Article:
>>> thejaka.amila@gmail.com> wrote:
>>>
>>> Hi Gourav,
>>>
>>>
>>>
>>> Sorry, I did not understand your question. Specifically I am having
>>> trouble relating "work load management" to options you suggest (RPC,
>>> message based etc.).
>>>
>>> So what exactly you mean by "workload management" ?
>>>
>>> What is work in this context ?
>>>
>>>
>>>
>>> Also, I did not understand what you meant by "the most efficient way".
>>> Efficient interms of what ? Are you looking at speed ?
>>>
>>>
>>>
>>> As per your suggestions, it seems you are trying to find a way to
>>> communicate between micro services. RPC might be troublesome if you need to
>>> communicate with processes separated from a firewall.
>>>
>>>
>>>
>>> Thanks
>>>
>>> -Thejaka
>>>
>>>
>>>
>>>
>>>
>>> On Wed, Feb 1, 2017 at 12:52 PM, Shenoy, Gourav Ganesh <
>>> goshenoy@indiana.edu> wrote:
>>>
>>> Hello dev, arch,
>>>
>>>
>>>
>>> As part of this Spring’17 Advanced Science Gateway Architecture course,
>>> we are working on trying to debate and find possible solutions to the issue
>>> of managing distributed workloads in Apache Airavata. This leads to the
>>> discussion of finding the most efficient way that different Airavata
>>> micro-services should communicate and distribute work, in such a way that:
>>>
>>> 1.       We maintain the ability to scale these micro-services whenever
>>> needed (autoscale perhaps?).
>>>
>>> 2.       Achieve fault tolerance.
>>>
>>> 3.       We can deploy these micro-services independently, or better in
>>> a containerized manner – keeping in mind the ability to use devops for
>>> deployment.
>>>
>>>
>>>
>>> As of now the options we are exploring are:
>>>
>>> 1.       RPC based communication
>>>
>>> 2.       Message based – either master-worker, or work-queue, etc
>>>
>>> 3.       A combination of both these approaches
>>>
>>>
>>>
>>> I am more inclined towards exploring the message based approach, but
>>> again there arises the possibility of handling limitations/corner cases of
>>> message broker such as downtimes (may be more). In my opinion, having
>>> asynchronous communication will help us achieve most of the above-mentioned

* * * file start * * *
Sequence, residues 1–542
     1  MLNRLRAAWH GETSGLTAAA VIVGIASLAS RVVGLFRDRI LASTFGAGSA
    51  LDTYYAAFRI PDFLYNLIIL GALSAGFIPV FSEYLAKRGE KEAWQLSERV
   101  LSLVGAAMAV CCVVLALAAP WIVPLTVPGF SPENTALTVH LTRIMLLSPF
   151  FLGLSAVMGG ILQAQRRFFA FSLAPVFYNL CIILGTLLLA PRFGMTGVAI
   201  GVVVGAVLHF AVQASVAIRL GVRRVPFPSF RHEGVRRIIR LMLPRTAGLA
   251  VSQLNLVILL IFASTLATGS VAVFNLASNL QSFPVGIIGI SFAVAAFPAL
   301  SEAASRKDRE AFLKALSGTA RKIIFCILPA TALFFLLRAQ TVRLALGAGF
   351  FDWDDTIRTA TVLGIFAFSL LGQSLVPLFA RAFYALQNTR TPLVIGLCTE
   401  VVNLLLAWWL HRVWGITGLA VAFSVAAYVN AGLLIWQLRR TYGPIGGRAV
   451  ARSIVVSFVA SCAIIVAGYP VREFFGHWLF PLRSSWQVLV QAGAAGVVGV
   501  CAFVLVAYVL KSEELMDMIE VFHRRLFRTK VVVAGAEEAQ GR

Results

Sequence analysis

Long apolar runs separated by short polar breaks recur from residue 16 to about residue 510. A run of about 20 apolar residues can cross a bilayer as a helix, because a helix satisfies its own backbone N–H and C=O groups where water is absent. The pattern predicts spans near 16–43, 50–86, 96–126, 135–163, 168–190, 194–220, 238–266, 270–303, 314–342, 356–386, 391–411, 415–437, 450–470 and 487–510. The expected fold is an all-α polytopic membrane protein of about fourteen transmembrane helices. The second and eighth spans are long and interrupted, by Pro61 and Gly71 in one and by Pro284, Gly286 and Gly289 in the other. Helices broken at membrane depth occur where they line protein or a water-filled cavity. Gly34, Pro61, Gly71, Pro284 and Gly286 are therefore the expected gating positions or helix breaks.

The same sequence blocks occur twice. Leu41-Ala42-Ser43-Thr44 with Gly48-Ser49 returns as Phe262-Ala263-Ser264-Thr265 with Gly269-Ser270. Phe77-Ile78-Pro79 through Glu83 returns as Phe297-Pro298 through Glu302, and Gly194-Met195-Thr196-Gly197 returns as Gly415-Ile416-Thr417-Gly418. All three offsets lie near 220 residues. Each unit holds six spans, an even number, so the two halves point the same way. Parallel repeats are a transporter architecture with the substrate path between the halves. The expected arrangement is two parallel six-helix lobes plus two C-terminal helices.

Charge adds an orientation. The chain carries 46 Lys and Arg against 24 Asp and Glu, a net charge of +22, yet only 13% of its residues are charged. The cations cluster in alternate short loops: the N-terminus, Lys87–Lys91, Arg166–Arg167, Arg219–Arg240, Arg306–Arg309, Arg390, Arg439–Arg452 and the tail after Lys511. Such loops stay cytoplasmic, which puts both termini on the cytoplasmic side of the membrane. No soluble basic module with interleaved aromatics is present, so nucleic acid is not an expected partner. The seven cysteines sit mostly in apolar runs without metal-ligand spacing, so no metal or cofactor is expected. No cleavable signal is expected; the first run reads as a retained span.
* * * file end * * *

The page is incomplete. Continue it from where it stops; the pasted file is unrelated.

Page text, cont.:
>>> points. Another debatable issue is making the micro-services implementation
>>> stateless, such that we do not have to pass the state information between
>>> micro-services.
>>>
>>>
>>>
>>> I would love to hear any thoughts/suggestions/comments on this topic and
>>> open up a discussion via this mail thread. If there is anything that I have
>>> missed which is relevant to this issue, please let me know.
>>>
>>>
>>>
>>> Thanks and Regards,
>>>
>>> Gourav Shenoy
>>>
>>>
>>>
>>>
>>>
>>> Hi Gourav,
>>>
>>>
>>>
>>> Correct me if I'm wrong, but I think this is a case of the job shop
>>> scheduling problem, as we may have 'n' jobs of varying processing times
>>> and memory requirements, and we have 'm' microservices with possibly
>>> different computing and memory capacities, and we are trying to minimize
>>> the makespan <https://en.wikipedia.org/wiki/Makespan>.
>>>
>>>
>>>
>>> For this use-case, I'm in favor a highly available and consistent
>>> message broker with an intelligent job scheduling algorithm, which receives
>>> real-time updates from the microservices with their current state
>>> information.
>>>
>>>
>>>
>>> As for the state vs stateless implementation, I think that question
>>> depends on the functionality of a particular microservice. In a broad
>>> sense, the stateless implementation should be preferred as it will scale
>>> better horizontally.
>>>
>>>
>>>
>>>
>>>
>>> Regards,
>>>
>>> Vidya Sagar
>>>
>>>
>>>
>>>
>>> --
>>>
>>> Vidya Sagar Kalvakunta | Graduate MS CS Student | IU School of
>>> Informatics and Computing | Indiana University Bloomington | (812)
>>> 691-5002 <8126915002> | vkalvaku@iu.edu
>>>
>>>
>>>
>>>
>>>
>>> --
>>>
>>> Thanks and regards,
>>>
>>>
>>>
>>> Ajinkya Dhamnaskar
>>>
>>> Student ID : 0003469679
>>>
>>> Masters (CS)
>>>
>>> +1 (812) 369- 5416 <(812)%20369-5416>
>>>
>>>
>>>
>>>
>>>
>>> --
>>>
>>> Vidya Sagar Kalvakunta | Graduate MS CS Student | IU School of
>>> Informatics and Computing | Indiana University Bloomington | (812)
>>> 691-5002 <8126915002> | vkalvaku@iu.edu
>>>
>>>
>>>
>>>
>>>
>>>
>>>
>>> --
>>>
>>> Thank you
>>> Supun Nakandala
>>> Dept. Computer Science and Engineering
>>> University of Moratuwa
>>>
>>
>>
>>
>> --
>> Thank you
>> Supun Nakandala
>> Dept. Computer Science and Engineering
>> University of Moratuwa
>>
>
>


-- 
Thank you
Supun Nakandala
Dept. Computer Science and Engineering
University of Moratuwa